Type casting

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The prototype



How this works

Closures and references

The arguments object

Scopes and namespaces


Equality and comparisons


The Array constructor

The for in loop

The typeof operator

The instanceof operator

Type casting

undefined and null

Reasons against eval

setTimeout and setInterval

Automatic semicolon insertion

Type casting

JavaScript is a weakly typed language, so it will apply type coercion wherever possible.

// These are true
new Number(10) == 10; // Number.toString() is converted
                     // back to a number
10 == '10';           // Strings gets converted to Number
10 == '+10 ';         // More string madness
10 == '010';          // And more
isNaN(null) == false; // null converts to 0
                     // which of course is not NaN
// These are false
10 == 010;
10 == '-10';

ES5 Note: Number literals that start with a 0 are interpreted as octal (Base 8). Octal support for these has been removed in ECMAScript 5 strict mode.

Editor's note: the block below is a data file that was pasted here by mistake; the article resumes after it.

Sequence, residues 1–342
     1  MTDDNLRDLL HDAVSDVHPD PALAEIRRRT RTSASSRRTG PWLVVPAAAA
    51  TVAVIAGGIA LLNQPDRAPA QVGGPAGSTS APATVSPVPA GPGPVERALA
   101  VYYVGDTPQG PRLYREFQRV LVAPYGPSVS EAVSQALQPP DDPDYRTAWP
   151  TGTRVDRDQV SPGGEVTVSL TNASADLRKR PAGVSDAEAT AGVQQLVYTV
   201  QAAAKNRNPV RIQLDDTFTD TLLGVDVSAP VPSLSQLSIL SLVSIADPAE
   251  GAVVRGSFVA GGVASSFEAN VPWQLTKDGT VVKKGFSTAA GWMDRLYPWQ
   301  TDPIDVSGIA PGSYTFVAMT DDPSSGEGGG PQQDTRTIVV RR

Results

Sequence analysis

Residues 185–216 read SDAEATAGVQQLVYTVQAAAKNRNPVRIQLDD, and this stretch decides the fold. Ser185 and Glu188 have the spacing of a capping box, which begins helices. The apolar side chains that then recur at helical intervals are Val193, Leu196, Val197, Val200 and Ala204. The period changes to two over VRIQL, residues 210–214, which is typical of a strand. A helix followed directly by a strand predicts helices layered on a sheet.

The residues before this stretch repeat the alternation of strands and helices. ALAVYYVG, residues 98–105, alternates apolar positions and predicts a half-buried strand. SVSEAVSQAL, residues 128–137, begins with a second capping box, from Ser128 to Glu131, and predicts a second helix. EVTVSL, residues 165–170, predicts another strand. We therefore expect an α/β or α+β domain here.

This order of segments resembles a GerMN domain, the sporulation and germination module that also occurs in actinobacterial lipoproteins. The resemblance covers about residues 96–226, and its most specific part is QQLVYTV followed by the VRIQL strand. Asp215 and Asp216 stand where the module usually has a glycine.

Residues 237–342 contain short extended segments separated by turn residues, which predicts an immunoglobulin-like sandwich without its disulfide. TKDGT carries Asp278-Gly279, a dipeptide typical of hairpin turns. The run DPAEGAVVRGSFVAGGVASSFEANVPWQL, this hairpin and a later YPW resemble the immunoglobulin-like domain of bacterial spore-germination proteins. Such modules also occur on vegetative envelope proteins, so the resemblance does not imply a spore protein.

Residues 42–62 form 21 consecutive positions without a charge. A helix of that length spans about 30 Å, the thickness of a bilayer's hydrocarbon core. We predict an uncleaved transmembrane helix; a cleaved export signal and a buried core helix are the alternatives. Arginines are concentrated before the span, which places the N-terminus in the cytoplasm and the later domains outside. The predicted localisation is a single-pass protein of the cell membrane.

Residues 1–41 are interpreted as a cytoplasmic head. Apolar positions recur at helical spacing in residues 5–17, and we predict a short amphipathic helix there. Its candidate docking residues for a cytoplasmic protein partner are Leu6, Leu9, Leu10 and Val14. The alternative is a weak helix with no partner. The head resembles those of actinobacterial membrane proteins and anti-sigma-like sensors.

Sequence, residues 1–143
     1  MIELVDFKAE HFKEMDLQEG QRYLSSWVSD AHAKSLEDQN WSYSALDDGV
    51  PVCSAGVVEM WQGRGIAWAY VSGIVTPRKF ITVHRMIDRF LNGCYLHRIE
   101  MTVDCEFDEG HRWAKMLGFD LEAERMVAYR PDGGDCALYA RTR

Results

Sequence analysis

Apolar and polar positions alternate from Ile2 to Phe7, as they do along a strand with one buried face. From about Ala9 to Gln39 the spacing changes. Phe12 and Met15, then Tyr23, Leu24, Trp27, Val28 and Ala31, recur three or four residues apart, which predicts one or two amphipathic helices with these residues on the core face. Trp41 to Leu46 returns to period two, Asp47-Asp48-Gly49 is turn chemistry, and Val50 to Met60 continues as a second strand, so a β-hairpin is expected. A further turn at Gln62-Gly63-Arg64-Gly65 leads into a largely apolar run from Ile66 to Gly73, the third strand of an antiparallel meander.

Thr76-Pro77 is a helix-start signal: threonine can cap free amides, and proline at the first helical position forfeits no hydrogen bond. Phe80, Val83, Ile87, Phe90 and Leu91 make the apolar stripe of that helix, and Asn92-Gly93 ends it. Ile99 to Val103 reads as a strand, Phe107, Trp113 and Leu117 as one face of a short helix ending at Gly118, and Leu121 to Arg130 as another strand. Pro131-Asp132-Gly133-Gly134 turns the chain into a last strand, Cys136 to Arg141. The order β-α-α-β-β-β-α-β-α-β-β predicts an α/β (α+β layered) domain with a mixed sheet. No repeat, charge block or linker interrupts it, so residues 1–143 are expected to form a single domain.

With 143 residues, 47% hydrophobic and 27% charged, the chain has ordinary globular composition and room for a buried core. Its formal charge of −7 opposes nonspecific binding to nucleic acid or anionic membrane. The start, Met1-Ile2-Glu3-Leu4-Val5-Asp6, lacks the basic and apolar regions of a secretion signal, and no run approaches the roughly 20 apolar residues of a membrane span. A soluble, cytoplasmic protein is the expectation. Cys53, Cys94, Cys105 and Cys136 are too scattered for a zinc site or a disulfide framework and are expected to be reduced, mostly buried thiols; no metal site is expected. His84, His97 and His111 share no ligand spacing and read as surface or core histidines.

In order to avoid the above, use of the strict equal operator is highly recommended. Although this avoids a lot of common pitfalls, there are still many further issues that arise from JavaScript's weak typing system.

Constructors of built-in types

The constructors of the built in types like Number and String behave differently when being used with the new keyword and without it.

new Number(10) === 10;     // False, Object and Number
Number(10) === 10;         // True, Number and Number
new Number(10) + 0 === 10; // True, due to implicit conversion

Using a built-in type like Number as a constructor will create a new Number object, but leaving out the new keyword will make the Number function behave like a converter.

In addition, having literals or non-object values in there will result in even more type coercion.

The best option is to cast to one of the three possible types explicitly.

Casting to a string

'' + 10 === '10'; // true

By prepending a empty string a value can easily be casted to a string.

Casting to a number

+'10' === 10; // true

Using the unary plus operator it is possible to cast to a number.

Casting to a boolean

By using the not operator twice, a value can be converted a boolean.

!!'foo';   // true
!!'';      // false
!!'0';     // false
!!'1';     // true
!!'-1'     // true
!!{};      // true
!!true;    // true

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